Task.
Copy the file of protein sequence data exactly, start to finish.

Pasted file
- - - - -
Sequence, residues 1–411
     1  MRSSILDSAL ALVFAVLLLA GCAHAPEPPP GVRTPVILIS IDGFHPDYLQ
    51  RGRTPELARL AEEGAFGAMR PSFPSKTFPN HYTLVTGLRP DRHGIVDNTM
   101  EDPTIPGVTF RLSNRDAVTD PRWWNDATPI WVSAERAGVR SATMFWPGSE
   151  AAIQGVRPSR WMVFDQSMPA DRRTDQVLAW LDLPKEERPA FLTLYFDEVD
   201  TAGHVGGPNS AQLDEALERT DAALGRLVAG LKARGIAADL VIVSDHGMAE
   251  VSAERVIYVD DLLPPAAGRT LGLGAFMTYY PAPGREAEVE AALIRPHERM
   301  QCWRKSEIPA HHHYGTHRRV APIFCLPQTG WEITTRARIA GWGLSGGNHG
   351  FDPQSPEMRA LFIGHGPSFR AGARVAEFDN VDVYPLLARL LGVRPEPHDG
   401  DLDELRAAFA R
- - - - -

Sequence, residues 1–411
     1  MRSSILDSAL ALVFAVLLLA GCAHAPEPPP GVRTPVILIS IDGFHPDYLQ
    51  RGRTPELARL AEEGAFGAMR PSFPSKTFPN HYTLVTGLRP DRHGIVDNTM
   101  EDPTIPGVTF RLSNRDAVTD PRWWNDATPI WVSAERAGVR SATMFWPGSE
   151  AAIQGVRPSR WMVFDQSMPA DRRTDQVLAW LDLPKEERPA FLTLYFDEVD
   201  TAGHVGGPNS AQLDEALERT DAALGRLVAG LKARGIAADL VIVSDHGMAE
   251  VSAERVIYVD DLLPPAAGRT LGLGAFMTYY PAPGREAEVE AALIRPHERM
   301  QCWRKSEIPA HHHYGTHRRV APIFCLPQTG WEITTRARIA GWGLSGGNHG
   351  FDPQSPEMRA LFIGHGPSFR AGARVAEFDN VDVYPLLARL LGVRPEPHDG
   401  DLDELRAAFA R